Andy Greenberg and associates demonstrated that they can remotely hijack a Jeep Cherokee, making it do things that could kill everyone in it. Fiat Chrysler is recalling 1.4 million vehicles as a result of this revelation. Greenberg doesn’t fully explain how they did it, for obvious reasons, but he tells us this:
All of this is possible only because Chrysler, like practically all carmakers, is doing its best to turn the modern automobile into a smartphone. Uconnect, an Internet-connected computer feature in hundreds of thousands of Fiat Chrysler cars, SUVs, and trucks, controls the vehicle’s entertainment and navigation, enables phone calls, and even offers a Wi-Fi hot spot. And thanks to one vulnerable element, which Miller and Valasek won’t identify until their Black Hat talk, Uconnect’s cellular connection also lets anyone who knows the car’s IP address gain access from anywhere in the country.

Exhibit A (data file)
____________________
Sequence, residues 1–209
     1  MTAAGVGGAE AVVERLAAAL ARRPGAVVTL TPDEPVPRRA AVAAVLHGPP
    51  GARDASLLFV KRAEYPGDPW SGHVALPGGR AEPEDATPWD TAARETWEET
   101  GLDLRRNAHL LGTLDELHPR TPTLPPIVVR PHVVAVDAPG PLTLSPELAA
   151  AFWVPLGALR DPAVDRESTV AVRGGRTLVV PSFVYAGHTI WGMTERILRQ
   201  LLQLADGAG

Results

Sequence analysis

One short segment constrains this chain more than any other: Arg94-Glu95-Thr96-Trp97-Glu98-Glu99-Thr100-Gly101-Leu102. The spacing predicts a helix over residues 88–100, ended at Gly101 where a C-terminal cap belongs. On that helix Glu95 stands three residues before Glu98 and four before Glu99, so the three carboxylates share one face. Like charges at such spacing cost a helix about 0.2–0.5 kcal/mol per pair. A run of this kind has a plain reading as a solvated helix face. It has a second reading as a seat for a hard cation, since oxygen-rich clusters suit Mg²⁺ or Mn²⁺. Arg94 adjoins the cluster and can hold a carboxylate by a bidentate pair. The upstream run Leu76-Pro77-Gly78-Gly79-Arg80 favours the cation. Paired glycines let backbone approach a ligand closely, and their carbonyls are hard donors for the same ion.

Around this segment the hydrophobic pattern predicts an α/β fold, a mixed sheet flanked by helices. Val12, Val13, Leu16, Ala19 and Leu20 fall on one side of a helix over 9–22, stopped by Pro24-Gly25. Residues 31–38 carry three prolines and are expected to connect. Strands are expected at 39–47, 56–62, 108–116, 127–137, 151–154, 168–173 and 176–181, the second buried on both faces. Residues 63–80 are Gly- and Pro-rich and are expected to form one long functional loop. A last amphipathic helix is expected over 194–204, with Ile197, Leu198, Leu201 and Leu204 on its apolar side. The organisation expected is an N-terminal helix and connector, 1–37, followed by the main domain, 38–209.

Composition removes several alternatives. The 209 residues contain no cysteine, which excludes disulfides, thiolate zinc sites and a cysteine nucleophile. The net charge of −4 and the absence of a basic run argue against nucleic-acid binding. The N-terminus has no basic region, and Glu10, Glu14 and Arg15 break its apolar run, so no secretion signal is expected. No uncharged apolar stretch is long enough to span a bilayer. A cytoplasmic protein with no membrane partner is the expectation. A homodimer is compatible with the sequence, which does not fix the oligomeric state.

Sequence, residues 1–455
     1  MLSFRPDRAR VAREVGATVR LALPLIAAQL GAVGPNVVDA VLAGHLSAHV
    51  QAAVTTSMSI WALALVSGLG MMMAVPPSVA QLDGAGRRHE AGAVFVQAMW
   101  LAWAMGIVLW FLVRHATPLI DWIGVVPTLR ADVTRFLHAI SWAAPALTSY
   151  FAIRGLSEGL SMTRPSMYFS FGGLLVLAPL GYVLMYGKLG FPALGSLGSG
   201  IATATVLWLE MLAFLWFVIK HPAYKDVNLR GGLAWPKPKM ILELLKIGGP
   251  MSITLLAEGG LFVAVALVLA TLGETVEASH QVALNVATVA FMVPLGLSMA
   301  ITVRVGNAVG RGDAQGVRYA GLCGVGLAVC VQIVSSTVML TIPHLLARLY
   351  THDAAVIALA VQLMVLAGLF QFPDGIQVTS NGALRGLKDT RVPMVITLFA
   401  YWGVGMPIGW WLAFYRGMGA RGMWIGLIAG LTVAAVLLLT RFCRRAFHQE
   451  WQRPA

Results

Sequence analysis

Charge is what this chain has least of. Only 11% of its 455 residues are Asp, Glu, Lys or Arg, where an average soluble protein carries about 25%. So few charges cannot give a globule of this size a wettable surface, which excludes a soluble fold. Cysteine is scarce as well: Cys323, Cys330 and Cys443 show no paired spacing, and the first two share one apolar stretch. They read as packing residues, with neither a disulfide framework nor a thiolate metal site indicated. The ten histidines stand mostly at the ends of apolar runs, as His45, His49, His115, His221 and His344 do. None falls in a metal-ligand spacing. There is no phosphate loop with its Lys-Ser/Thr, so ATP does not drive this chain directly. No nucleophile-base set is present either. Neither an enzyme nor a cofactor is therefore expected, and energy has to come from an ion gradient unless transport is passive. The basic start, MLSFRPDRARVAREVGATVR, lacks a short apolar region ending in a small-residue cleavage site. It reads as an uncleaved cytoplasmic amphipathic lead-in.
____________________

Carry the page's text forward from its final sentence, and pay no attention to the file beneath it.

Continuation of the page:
Every computer on the Internet has an IP address, so the real issue is the “one vulnerable element.” We can only guess about it, but this seems like serious negligence on Chrysler’s part. When a computer system can put people’s lives at risk, you have to pay serious attention to security. According to a Computerworld article, it’s the entertainment system which is open to remote access, but it “is commonly connected to various electronic control units (ECUs) located throughout a modern vehicle. There can be as many as 200 ECUs in a vehicle.”
A basic principle of secure design is that you grant only as much access as is necessary. It’s hard to imagine why an entertainment system would need access to life-critical components. If it is necessary, perhaps so that a warning of a major malfunction can go to the speakers, the critical component needs a firewall that limits the access it allows. Did Chrysler allow the entertainment system free run of its ECUs, or was the firewall defective? We don’t know yet, and maybe it will never be made public.
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